The life expectancy of products may be an important consideration. “Coatings for decks and other horizontal applications have shorter life expectancies than vertical applications simply because the variables that shorten the life of a coating system are more harsh on these structures,” reports Adam Churchill, manager of technical services and support for Cabot.
Direct exposure to the harmful UV rays of sunlight and moisture from rain, snow and ice work to break down coatings on horizontal surfaces. “Horizontal surfaces also are subject to ‘foot’ traffic,” adds Jim Renfroe at Wood Care Systems. Believe it or not, pets are hard on decks, he adds.
Is dry time important? Weather conditions and application technique play an important role here. Ever have a finish that seems to never dry? Beth Rechin, assistant product manager at The Flood Co., states a non-drying deck finish can be attributed to a variety of reasons, including weather conditions, such as high humidity or cool, damp weather. “Deck finishes that are slow to dry will collect dirt and contamination much more readily.”
Over application also is something to avoid, not just because it extends dry time, but because it can cause a variety of problems. “Over application in general may cause uniformity issues with the final appearance,” says Strongosky. Product adhesion is another issue, so, more is not necessarily better.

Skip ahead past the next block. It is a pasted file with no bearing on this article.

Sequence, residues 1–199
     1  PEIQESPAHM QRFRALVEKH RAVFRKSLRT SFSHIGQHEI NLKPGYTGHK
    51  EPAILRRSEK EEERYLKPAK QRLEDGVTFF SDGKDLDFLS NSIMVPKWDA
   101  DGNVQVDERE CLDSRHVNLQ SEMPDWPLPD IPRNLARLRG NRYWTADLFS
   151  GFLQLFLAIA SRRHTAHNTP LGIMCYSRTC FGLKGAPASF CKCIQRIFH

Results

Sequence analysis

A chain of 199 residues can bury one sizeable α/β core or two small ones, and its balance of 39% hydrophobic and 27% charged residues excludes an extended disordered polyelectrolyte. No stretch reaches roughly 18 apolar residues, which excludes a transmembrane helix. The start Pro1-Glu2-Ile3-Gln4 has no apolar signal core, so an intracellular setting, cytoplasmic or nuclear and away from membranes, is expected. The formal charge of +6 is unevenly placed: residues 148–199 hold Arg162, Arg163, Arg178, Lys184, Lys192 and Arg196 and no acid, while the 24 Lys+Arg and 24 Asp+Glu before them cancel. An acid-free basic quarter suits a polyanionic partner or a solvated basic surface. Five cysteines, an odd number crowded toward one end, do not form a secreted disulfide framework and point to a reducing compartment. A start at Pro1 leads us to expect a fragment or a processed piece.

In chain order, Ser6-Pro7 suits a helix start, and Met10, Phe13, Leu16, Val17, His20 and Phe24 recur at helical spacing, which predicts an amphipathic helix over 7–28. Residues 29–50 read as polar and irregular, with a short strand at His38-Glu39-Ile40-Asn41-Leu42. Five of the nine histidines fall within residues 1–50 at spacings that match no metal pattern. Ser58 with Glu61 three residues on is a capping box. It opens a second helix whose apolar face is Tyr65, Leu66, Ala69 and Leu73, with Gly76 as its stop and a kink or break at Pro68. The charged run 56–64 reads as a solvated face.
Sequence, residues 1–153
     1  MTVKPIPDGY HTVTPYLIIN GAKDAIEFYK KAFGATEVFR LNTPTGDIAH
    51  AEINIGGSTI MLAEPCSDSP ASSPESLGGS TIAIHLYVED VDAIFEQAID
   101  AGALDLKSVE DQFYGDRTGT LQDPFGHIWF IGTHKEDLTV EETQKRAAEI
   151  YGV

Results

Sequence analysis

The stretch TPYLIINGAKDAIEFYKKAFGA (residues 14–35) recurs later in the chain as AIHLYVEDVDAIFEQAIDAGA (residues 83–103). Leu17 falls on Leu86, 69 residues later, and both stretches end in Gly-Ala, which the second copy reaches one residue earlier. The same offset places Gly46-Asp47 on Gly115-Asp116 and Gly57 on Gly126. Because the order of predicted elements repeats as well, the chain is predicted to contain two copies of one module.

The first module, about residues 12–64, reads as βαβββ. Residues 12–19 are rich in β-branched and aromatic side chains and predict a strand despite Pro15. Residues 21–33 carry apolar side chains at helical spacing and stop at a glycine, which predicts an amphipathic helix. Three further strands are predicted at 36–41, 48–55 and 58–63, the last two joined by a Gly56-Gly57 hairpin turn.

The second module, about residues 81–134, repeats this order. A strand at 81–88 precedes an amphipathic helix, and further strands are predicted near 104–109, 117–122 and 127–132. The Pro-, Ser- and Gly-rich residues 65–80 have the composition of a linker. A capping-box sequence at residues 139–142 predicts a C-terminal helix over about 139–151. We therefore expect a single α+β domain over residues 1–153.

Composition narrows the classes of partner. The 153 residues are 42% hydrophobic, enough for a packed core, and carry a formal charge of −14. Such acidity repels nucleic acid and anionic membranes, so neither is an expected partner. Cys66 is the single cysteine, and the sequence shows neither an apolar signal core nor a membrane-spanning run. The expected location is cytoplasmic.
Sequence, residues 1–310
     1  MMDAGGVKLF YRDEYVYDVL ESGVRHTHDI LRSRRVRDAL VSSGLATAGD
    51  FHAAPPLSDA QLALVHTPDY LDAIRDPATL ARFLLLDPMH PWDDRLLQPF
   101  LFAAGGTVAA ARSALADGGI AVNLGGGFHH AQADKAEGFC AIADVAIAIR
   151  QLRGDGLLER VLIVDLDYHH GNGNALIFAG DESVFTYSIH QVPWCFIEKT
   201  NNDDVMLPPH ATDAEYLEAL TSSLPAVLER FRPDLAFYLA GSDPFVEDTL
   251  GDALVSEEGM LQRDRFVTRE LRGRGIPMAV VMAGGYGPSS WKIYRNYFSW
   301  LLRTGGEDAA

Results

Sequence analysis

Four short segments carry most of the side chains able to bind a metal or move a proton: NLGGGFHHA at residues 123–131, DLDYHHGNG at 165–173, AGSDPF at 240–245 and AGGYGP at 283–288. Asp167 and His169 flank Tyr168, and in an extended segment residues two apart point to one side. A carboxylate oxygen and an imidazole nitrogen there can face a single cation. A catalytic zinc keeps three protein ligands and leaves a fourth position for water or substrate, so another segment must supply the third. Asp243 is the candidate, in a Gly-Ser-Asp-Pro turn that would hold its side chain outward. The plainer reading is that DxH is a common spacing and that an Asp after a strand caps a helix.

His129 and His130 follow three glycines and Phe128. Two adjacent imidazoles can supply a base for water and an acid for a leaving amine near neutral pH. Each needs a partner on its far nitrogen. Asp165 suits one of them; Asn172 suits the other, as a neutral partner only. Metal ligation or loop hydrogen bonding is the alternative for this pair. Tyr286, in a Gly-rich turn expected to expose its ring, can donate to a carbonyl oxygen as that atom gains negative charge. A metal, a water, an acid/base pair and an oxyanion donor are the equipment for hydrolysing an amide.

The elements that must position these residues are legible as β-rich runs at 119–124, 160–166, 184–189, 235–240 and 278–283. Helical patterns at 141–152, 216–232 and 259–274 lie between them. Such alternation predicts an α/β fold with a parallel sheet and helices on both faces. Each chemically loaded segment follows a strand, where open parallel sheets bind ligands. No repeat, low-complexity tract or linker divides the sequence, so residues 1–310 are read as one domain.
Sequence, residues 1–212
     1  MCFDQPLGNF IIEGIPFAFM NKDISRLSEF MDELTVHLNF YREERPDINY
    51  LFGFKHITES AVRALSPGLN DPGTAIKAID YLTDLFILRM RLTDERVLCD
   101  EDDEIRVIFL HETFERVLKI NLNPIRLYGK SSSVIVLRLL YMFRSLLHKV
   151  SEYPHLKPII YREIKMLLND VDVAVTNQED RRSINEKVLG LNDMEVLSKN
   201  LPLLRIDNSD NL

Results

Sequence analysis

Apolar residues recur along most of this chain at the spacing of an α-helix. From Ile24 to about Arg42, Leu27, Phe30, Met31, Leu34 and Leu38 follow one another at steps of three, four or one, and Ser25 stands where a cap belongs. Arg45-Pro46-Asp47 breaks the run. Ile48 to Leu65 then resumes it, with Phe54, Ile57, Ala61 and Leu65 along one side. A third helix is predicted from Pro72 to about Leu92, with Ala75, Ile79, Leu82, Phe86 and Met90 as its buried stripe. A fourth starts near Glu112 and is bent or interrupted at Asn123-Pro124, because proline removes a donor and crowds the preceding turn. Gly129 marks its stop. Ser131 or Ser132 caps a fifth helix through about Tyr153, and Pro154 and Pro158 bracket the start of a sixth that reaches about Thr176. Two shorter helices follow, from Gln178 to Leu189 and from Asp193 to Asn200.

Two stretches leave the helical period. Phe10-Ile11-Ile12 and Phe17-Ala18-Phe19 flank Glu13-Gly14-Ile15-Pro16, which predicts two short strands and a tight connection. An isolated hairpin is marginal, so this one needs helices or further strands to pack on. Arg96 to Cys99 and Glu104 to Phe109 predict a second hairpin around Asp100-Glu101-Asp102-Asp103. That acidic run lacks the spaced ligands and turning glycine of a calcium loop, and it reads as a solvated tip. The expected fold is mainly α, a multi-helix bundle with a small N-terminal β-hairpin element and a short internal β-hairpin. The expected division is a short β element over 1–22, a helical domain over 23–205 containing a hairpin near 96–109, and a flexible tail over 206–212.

Not everything about wood deck care finishes is obvious in the name of the product. For example, “not all products that have oil or resins are necessarily solvent-based; they may be water-based,” observes Rod Marsh, senior technical representative at Napier Environmental Technologies Inc. In these products the carrier could be petroleum solvents or water and petroleum solvents in varying degrees. If your “intention is to use products without petroleum solvents, just having soap and water clean-up won’t guarantee that,” he explains. You have to read the label more closely. “The tip-off is if rags and brushes are combustible it’s more likely petroleum solvents are part of the formula.”
Solvents and Volatile Organic Compounds levels are important considerations in a growing number of areas of the country, such as California, which have more stringent limits than the United States Environmental Protection Agency’s national rule on VOCs. Jake Clark, president and owner Armstrong-Clark Co., reports even more stringent VOC limits will take effect in California January 1, 2003. While dropping solvents and increasing solids has worked in the past to meet VOC limitations, he says, new technologies will be needed in many cases to meet the new requirements — “otherwise, there won’t be enough solvent for penetration and [there will be] too many solids, which would sit on the surface.” Some product formulas are already compliant with the upcoming California regulations. But, as more locales institute increased VOC limits, it is more important than ever to check the grams per liter ratio on product labels to be sure they comply to regulations in your area.